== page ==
When fishing floating lines for summer steelhead, I almost always have my clients hold a “shock loop” of fly line between there rod hand and their reel.  The loop is typically about 2’ of line.  The shock loop is there to insure that a steelhead can grab the fly, turn, and run away before the hook is set.  In general, steelhead will almost always grab the fly and turn.  Sometimes this happens in the blink of an eye; sometimes it may take up to five seconds or more!  Despite the intensity of the grab, the fish should feel zero tension as it grabs the bug and turns.  You almost feed it to them.  If you set the hook as soon as you feel the fish come tight, one of two things will happen.  You’ll either pull the fly away from the fish -effectively scarring the hell out it, or, you’ll get a hook set which will usually pull free after a few head shakes.  Either way, it’s not the result we’re looking for.  If done properly, the loop should easily slip through your fingers and you should feel the fish engage the reel.  Once your reel starts to turn, it’s time to blast off.  Sweep the rod towards your bank and hold on!  If the fish hasn’t fully committed to taking the fly, it may only take part of the loop out of your hand.  At that point, you haven’t spooked the fish and you can switch flies to try and coax it back.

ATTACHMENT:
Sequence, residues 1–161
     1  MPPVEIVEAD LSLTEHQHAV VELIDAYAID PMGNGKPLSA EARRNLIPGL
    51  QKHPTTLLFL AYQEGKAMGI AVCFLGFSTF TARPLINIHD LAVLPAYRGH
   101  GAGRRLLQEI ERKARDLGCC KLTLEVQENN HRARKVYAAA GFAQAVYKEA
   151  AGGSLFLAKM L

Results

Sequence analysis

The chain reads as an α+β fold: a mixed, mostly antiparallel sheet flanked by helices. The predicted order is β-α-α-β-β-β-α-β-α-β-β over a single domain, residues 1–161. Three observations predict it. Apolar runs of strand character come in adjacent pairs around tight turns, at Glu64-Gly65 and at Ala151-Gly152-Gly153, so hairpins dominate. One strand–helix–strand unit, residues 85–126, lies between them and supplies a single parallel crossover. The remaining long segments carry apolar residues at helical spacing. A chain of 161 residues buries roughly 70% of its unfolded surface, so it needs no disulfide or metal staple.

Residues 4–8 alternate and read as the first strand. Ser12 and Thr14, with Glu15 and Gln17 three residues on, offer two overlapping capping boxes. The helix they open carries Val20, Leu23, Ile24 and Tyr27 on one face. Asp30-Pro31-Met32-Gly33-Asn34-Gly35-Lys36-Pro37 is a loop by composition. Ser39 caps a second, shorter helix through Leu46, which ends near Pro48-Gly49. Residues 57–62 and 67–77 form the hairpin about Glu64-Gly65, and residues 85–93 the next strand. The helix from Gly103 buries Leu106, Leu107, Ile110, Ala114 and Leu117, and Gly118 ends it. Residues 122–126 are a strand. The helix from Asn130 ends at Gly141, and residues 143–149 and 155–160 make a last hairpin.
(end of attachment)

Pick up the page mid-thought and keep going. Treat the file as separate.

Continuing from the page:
When fishing sink-tips, I discourage my clients from holding a shock loop.  Typically, I’ll set their drag fairly loose and have them hold the line lightly in their fingers.  When the fish grabs, I want to hear the reel “bark”.  The fish only needs to engage the reel and we’re off to the races.  I have gone this route because of simple on-stream observation.  I truly believe we hook almost the exact numbers of fish on sink-tips despite holding a loop or not holding a loop.  However, I know we land more fish when we fish straight to the reel.  I have a few theories on why this might be.  First, all of our sub-surface flies are either tube flies rigged with a stinger hook or stinger hook style flies.  Consequently, the smaller hooks penetrate very quickly.  I also believe there is a slight lag time between the actual strike and when the angler feels the pull.  This is more than likely caused by the sag in the sink-tip as it hangs off the Skagit head.  When a fish grabs a floating line presentation, the angler is instantly in contact with the fish, not the case with a sink-tip.  The final reason is the actual attack itself.  When a fish comes to a surface or near-surface fly, they often times do so in a gingerly fashion.  There are those bone crushing blows from time to time, but for the most part the follow/grab sequence takes a little time.  On the other hand, when a steelhead hunts a sink-tip fly, they do so with scary efficiency.  I once watched a steelhead flash ten feet away from my fly before smashing it.  What was so crazy about that grab was the flash was between the shore and my fly.  In other words, the fish passed my fly by at least ten feet, turned, and hit my tube leech with enough authority to instantly break 10lb. maxima like a spider web.  I think they often times make the turn before they ever get to the fly.  On a side note, I’ve noticed a better landing ratio when the angler sets the hook a little more vertical when fishing sink-tips.  Not straight up, but just a little canted to the bank side.